"It was a genuine, inspirational one hour," said Ron Westmoreland. "He talked to Ryan about perseverance. It was special."

Adam Ethier, the brother of Los Angeles Dodgers star Andre Ethier, was one of Westmoreland's therapists in Arizona and one day during rehab, Adam gave Ryan a bat and ball. Ethier asked him to imagine he was standing in the batter's box, so Westmoreland stood in his left-handed hitting stance and the family took some pictures.

"You could just see it, we could just see that there was a breath of life into him. He was so excited to be back in that stance," Ron Westmoreland said during the seventh inning of Sunday's game. "That was exciting and to have him at a game like this, obviously it's a great game, but to get him out of the hospital for some fresh air and to be around the game is just great."

When it was time for Ryan Westmoreland to leave Arizona, the family wanted to find the best facility for Ryan to continue his rehab when they decided on Spaulding.

"Again, the Red Sox helped us find the best because we wanted the best," said Ron Westmoreland. "Neuro is a very specialized rehab and they're great over there. They're seeing progress and the doctors are great. We've been fortunate enough to have the kind of medical attention and rehabilitation attention and it's been good."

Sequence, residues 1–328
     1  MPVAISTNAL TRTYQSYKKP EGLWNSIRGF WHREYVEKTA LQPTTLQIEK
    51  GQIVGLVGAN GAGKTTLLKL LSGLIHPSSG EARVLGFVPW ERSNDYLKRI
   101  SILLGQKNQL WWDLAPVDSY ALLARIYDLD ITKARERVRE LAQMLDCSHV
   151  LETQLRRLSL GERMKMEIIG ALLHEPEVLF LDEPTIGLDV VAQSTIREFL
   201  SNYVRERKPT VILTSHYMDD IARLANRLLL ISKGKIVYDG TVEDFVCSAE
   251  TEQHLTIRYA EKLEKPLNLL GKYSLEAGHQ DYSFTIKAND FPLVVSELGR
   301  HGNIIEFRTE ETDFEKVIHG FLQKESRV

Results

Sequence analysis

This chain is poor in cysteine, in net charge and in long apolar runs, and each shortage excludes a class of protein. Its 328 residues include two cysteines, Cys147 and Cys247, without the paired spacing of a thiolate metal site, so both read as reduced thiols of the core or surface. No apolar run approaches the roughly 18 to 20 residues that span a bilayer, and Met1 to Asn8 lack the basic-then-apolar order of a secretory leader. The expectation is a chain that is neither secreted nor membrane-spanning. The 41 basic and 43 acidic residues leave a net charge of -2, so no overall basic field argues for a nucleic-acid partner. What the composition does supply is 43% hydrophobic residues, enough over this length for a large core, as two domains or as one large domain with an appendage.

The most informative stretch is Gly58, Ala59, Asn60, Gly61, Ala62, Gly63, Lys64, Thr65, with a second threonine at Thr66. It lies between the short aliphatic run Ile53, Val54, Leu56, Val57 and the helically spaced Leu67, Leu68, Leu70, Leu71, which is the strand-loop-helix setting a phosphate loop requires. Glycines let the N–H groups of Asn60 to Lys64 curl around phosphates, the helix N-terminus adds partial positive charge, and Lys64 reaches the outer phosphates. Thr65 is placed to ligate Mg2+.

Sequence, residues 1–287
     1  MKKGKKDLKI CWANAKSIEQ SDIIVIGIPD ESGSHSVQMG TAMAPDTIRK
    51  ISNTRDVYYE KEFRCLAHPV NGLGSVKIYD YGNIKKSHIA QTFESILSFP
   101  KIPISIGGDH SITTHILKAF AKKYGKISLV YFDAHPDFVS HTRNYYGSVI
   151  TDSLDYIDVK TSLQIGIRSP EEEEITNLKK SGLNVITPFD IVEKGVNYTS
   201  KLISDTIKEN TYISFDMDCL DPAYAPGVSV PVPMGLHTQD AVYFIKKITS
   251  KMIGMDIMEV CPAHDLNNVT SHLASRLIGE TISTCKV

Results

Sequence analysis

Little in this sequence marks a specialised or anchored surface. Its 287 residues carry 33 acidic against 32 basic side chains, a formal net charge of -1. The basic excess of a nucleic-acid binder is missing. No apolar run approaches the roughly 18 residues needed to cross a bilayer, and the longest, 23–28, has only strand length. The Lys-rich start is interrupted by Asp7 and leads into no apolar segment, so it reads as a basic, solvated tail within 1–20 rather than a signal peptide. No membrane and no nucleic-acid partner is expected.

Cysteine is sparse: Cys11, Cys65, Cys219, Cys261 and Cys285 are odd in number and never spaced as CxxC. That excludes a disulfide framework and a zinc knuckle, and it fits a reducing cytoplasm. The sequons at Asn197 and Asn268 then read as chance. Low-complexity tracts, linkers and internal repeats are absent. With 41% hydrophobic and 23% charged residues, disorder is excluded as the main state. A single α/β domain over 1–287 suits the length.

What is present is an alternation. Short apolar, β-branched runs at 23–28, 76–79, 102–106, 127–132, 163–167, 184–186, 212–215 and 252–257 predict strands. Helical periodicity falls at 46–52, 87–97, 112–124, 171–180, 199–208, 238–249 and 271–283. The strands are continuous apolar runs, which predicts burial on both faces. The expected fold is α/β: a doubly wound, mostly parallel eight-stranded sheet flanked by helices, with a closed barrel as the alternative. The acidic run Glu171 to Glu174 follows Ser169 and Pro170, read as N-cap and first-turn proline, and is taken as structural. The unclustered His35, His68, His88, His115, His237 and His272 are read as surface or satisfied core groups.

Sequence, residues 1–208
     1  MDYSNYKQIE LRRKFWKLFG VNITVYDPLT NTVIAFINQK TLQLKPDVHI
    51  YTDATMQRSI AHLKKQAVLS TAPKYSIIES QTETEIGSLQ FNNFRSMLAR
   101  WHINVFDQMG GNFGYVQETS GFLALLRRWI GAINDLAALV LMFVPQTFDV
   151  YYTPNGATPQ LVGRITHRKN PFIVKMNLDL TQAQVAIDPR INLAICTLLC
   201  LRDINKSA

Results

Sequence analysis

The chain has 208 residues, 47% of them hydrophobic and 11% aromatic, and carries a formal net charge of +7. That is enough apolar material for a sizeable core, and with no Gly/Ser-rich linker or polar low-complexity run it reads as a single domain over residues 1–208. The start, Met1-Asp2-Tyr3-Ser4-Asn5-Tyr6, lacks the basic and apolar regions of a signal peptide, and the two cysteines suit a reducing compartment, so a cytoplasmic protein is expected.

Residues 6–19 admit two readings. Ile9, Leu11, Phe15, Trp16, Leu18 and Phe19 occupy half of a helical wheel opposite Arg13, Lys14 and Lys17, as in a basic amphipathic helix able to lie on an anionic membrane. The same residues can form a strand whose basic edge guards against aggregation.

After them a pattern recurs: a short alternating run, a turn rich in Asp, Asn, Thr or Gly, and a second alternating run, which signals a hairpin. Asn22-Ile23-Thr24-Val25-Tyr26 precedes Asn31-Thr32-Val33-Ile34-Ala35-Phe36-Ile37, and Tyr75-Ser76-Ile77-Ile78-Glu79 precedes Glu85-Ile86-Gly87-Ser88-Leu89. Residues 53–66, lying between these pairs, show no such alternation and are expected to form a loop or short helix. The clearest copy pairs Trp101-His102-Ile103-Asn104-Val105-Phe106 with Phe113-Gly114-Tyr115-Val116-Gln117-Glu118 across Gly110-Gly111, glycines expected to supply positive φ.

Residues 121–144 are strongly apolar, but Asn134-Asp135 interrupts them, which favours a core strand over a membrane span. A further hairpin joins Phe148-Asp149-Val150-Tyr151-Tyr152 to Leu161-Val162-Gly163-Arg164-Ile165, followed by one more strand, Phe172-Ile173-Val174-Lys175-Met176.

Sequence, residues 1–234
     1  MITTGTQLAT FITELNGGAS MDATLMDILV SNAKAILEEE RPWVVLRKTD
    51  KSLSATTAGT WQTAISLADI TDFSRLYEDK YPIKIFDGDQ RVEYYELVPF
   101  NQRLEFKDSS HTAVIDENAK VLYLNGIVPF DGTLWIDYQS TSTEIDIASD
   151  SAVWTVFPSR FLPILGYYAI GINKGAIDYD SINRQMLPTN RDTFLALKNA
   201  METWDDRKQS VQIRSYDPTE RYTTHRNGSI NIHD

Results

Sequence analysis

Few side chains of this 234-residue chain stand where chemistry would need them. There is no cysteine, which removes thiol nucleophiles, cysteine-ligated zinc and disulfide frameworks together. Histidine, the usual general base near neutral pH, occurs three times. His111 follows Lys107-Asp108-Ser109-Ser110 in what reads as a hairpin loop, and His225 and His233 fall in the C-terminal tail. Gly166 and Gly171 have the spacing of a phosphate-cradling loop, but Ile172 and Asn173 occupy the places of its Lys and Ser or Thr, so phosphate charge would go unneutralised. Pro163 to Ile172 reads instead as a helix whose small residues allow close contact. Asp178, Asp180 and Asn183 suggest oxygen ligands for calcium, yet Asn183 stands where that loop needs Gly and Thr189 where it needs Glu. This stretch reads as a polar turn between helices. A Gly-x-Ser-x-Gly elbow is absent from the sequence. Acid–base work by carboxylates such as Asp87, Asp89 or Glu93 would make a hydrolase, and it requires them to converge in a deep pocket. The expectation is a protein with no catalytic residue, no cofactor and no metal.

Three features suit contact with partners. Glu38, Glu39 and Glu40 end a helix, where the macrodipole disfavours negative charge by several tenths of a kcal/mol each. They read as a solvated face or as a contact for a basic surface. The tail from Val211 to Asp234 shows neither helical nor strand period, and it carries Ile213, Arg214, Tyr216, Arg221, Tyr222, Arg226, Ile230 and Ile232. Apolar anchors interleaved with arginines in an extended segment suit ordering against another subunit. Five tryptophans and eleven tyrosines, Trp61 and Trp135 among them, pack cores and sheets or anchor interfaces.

Other than taking pictures with a bat and ball in his hand or watching the Red Sox beat the Yankees on Opening Night, baseball is the least of Ryan Westmoreland's worries. As much as he would like to be playing professional baseball right now, there are more important things to be concerned with and there's no timetable for when he'll be able to return to baseball activities.

"Those are questions that not even the doctors can answer yet," said Ron Westmoreland. "They need to let the area they operated on heal. It's a pretty sensitive area they operated in and nobody really has any idea of a timeframe he can be back. The doctors told us to be patient because it takes a while. There's a natural healing that's taking place right now in his brain.

"We really have no idea and there's no rush," added Westmoreland. "It's difficult for him to be patient, but we have to be. We've heard it could be anywhere from a couple of months to a couple of years. They just monitor him day by day and as time goes on we'll get more indications, but the fact that we're seeing progress in a lot of the areas that were affected by the malformation is a good sign."

The Westmorelands are literally taking it one day at a time.

"He's very determined. He's a strong kid," said Westmoreland. "I think his health and his age only helps him. It's amazing to watch him come out of therapy sweating. He's been working hard. I've been with him in therapy a couple of times and the therapist will say, 'Ryan, do you want to take a break?' and he'll say, 'No. No break.' He'll work as hard as he can for the time they have allotted to do whatever it is. He recognizes the progress that he makes."

Westmoreland recently asked his son how he was feeling, and the response the father received didn't surprise him.

"I'm going to be in Portland next year," Ryan said, referring to Boston's Double-A affiliate.

Joe McDonald covers the Red Sox and Bruins for ESPNBoston.com.